Wednesday, March 08, 2017

Reflection: International Women's Day 2017

Today is International Women's Day, and all over the world people are advocating for and celebrating various endeavors aimed at improving the lives of women and girls, and because of that, I was tempted to not write and add to the mix, but then my conscience got the better of me. You see, the world needs every one of us to raise our voices for what is right and just and good for all. As the ancient Hebrew prophet Micah has said, "What is required of you but to do justice, love mercy, and walk humbly with your God." 

When children do not have the opportunity to receive an education, and specifically 130 million girls, that's an injustice. When a person's place of birth can mean the denial of basic opportunities to have meaningful choices and improve their livelihoods, that's an injustice. When we choose to do nothing when we have the tools and the resources to literally transform lives, that's an injustice. 

Jamie and I have been privileged to be able to travel to Kenya and Ethiopia with Nuru International and witness firsthand the impact that programs are making in the lives of women and girls. Last year on International Women's Day, Jamie was able to meet with Feven Yimer, one of Nuru's Ethiopian staff members who has been leading the design and implementation of Nuru's programs to address education in the southern highlands of Ethiopia. Feven moved from her nation's capital into a remote, rural area of Ethiopia because she was very aware of the opportunities that open up for children and girls in particular when they have access to basic education. In her team's design of programs she has successfully advocated for sex-segregated latrines in the public schools in the communities where Nuru is working. This gesture which may seem small, will open the door for more girls to come to school. Feven and her team have established book banks in local schools as well as in community cooperatives where children can check out books and practice reading and developing literacy in their native tongue, in their national language, and even in English. Feven is one of many champions for justice and incredible women Jamie and I have met in our travels.

Back in 2012, we had the privilege of meeting Mama Susan in her butcher shop in Mabera, Kenya. Mama Susan was skeptical and distrustful of Nuru when it first launched in her community, but then she witnessed the life change wrought in her neighbors' livelihoods when for the first time they had a surplus of food that they had produced, they had developed savings, and they were sending their children (boys AND girls) to school because they could afford uniform and book fees for the first time. Mama Susan began participating in Nuru's programs, and through the training she received, she not only improved her family's livelihood, but she was able save money to launch her own business, a butcher shop. She is just one of thousands of people whose life has been changed for the better by Nuru's work.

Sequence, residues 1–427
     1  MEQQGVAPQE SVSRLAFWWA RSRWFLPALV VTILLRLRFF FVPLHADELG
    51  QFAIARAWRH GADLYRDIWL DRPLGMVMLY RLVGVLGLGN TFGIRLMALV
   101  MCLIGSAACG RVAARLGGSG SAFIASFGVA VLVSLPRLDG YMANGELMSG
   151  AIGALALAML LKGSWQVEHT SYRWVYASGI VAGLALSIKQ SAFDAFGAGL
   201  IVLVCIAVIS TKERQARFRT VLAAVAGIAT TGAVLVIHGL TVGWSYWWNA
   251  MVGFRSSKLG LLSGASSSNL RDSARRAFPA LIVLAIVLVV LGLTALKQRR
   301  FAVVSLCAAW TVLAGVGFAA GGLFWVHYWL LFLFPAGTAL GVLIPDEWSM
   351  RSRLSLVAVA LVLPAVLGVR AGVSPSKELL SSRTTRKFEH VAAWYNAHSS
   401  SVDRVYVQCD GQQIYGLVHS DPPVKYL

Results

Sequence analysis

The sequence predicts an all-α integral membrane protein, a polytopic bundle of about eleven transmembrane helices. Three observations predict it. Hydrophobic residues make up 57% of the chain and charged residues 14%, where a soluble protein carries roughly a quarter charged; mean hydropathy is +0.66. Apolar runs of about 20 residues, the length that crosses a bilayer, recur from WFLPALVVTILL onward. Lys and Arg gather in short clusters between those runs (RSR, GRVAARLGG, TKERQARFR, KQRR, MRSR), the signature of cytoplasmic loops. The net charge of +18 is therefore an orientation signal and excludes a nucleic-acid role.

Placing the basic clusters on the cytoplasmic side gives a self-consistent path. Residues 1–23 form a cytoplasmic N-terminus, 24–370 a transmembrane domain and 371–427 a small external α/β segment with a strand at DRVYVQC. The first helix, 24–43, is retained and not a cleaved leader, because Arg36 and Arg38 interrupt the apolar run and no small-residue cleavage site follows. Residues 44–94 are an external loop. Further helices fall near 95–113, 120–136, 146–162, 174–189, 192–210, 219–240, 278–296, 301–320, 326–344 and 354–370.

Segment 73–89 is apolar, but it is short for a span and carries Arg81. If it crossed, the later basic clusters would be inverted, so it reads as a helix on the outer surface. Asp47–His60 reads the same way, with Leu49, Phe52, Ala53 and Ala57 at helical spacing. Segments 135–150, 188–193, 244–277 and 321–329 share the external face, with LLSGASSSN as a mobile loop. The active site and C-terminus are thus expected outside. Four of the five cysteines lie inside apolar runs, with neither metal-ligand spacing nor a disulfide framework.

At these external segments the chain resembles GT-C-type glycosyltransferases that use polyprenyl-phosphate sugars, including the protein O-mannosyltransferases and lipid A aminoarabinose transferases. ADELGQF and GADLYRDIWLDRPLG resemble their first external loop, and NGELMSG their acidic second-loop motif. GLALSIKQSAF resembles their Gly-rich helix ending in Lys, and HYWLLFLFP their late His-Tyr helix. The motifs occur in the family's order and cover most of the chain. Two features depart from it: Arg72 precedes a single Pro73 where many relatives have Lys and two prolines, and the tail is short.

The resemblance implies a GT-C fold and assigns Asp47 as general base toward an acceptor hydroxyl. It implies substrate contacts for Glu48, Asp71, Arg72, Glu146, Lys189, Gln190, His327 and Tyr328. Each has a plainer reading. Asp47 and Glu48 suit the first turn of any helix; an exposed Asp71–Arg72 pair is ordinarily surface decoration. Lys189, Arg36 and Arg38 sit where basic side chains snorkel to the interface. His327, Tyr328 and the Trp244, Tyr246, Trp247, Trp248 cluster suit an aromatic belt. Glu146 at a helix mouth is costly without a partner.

Last week, Jamie, Sylvia, and myself were able to spend time on Capitol Hill visiting the offices of our elected representatives as part of our efforts with an incredible organization started by Bono called the ONE campaign. Our purpose was very simple. We wanted to encourage our representatives to support legislation to make education more readily available for girls everywhere, AND we wanted to encourage them to not cut federal funding (which makes up less than 1% of our budget) for poverty eradication efforts globally.

Speaking of Sylvia, when I think about her in light of International Women's Day, I find myself desiring even more to be an advocate and encouraging others to do the same. Just by the grace of where she was born, she has access to incredible healthcare and education opportunities. I know that family and friends would rally to support us no matter where in the world she was born, because that is part of our shared humanity and part of what I believe it is to be made in the image of our Creator. But if we were born in another place, her education opportunities would be a question mark. If we were born in another place, we might have a significant hike just to arrive at a healthcare facility, and then, we might be disappointed and desperate to find that they had run out of medicine while we were waiting. Because we have access to a variety of healthy foods (some of which we have grown ourselves), Sylvia is able to receive nutritious meals from her mom through exclusively breastfeeding during these critical first six months of her life.

So today, if you are looking for an action to take in honor of International Women's Day (and even if you aren't), I want to give you three actions you can take. Truthfully, you can take these actions any day, but why not today? As an ancient proverb says, "Whoever is generous to the poor lends to the Lord, and He will repay him for his deed." So here are the three actions.

1) Join ONE. Just sign up to become a member, and they will let you know additional steps you can take to be an advocate wherever you are.
2) Record a #GirlsCount video. Join the count and help create the longest film ever AND advocate for the 130 million girls who do not have access to basic education.
3) Donate to Nuru. Jamie and I have both directly witnessed the impact of financial support to Nuru's work, and we would love to have you join us in supporting this work.

Whatever you choose to do, Jamie and I thank you in advance, and we look forward to seeing the outcome of our work together to bring meaningful choices to even more of our brothers and sisters around the world. May your own life be enriched by your choice to make a difference!

1 comment:

kevin wamsoro said...

Good piece, congrats NURU for the good work you doing.